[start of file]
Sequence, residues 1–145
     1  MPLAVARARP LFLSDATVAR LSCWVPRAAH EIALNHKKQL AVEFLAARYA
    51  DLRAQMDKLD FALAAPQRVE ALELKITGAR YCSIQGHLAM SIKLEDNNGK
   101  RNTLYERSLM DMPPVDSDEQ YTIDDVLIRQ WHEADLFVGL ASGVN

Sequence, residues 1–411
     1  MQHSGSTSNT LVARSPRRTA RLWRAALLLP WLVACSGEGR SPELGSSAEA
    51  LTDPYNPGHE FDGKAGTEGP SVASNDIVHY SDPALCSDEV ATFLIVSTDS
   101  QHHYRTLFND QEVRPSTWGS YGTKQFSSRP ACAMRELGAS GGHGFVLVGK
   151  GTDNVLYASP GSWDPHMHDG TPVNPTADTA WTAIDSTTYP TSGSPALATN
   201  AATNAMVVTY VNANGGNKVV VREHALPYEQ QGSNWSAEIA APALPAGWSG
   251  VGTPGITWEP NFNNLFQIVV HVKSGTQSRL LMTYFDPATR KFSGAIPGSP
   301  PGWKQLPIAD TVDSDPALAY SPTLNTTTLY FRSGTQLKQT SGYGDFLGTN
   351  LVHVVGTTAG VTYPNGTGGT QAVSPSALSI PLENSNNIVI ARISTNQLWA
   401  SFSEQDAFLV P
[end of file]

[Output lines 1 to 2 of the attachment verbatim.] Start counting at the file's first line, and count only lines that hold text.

Sequence, residues 1–145
     1  MPLAVARARP LFLSDATVAR LSCWVPRAAH EIALNHKKQL AVEFLAARYA